It is disappointing to find The National referring to “the NHS”, as if there were a single UK-wide health service. The British media and the British political parties habitually conflate NHS Scotland with NHS England in order to taint the Scottish health service with the defects and failings of its English counterpart. If it is to effectively offer an alternative perspective on Scotland, it is essential that The National avoids such misleading terms.
As we gear up for a new referendum campaign, we must all play a part in reframing Scotland’s political discourse. When the British propaganda machine refers to “the NHS” this is not mere carelessness. It is intentional. It is part of a purposeful effort to confine the narrative to a particular frame – the frame of a ‘One Nation’ British state. We must emphatically reject this frame. We must reclaim our language. We must create our own narrative. We must reframe our entire political discourse.
Scotland is a nation. It is not part of another nation. We are not seeking independence from another nation. Scotland is not ‘un-independent’. Scotland is an independent nation within a political union. We are not seeking independence from ‘Britain’. Britain does not exist as a country. It exists only as a convenient myth created by and on behalf of a British ruling elite. Britain is not a nation. It is the structures of power, privilege and patronage which support and sustain that ruling elite. It is a system by which the few ensure that their interests are served at the expense of the many.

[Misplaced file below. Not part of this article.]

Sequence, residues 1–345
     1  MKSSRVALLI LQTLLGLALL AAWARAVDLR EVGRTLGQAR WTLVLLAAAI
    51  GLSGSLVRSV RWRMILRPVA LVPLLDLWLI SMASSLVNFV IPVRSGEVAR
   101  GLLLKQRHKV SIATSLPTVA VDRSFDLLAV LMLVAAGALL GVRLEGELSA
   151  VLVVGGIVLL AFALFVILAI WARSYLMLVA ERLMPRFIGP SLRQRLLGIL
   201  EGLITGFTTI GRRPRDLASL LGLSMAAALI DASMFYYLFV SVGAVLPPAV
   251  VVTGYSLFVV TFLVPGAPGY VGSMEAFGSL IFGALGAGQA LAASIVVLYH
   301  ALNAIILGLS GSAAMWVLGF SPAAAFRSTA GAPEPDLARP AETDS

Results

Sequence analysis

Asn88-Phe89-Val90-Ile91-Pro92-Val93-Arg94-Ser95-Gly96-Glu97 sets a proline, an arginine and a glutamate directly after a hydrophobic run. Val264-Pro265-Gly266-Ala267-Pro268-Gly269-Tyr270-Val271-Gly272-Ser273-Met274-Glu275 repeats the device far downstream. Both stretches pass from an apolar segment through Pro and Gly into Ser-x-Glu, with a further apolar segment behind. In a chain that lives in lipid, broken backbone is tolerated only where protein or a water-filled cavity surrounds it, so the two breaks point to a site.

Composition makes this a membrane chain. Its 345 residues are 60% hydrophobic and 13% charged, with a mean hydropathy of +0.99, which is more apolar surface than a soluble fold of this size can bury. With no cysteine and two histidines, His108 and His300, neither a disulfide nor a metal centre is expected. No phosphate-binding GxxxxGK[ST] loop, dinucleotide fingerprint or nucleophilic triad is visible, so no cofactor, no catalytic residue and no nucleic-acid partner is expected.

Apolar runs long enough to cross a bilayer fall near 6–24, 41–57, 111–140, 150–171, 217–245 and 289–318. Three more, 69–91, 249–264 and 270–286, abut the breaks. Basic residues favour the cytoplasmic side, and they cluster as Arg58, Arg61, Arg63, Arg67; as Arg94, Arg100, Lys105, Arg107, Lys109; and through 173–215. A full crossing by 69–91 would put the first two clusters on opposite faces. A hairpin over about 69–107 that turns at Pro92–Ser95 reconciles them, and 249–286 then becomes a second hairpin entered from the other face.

The political union which has been imposed on Scotland is democratically unsustainable because it denies Scotland’s status as a nation and prohibits the effective exercise by Scotland’s people of the sovereignty that is inalienably theirs. Historically, the British state has maintained its grip on Scotland by persuading enough of us that we are subordinate. Language plays a huge part in this process. The wilful discounting of Scotland’s separate health service being just one example.
With the evolution of a distinctive and increasingly divergent political culture in Scotland, more and more people are questioning the myth of the British nation and challenging the asserted authority of the British political elite. People are no longer inclined to meekly accept that Westminster can have a veto on their right of self-determination. People are more inclined to openly and loudly protest the efforts to subordinate Scotland to the British Crown in the British Parliament.
Realising that the Union can no longer be held together with pomp, pageantry and propaganda, the British establishment has resolved to formally strip Scotland of its status as a nation using the opportunity presented by Brexit.
If we are to successfully resist this malignant ‘One Nation’ British Nationalist project, we must escape the mindset inculcated in us over generations of immersion in a narrative shaped by, and for the purposes of, the ruling elites of the British state . We must do this in ways large and small. By insisting on the distinction between NHS Scotland and the rapidly disintegrating remnants of England’s health service. By exacting respect for our democratic institutions and elected representatives. By requiring an end to the withholding of powers from the Scottish Parliament.
By demanding that the Union be dissolved.
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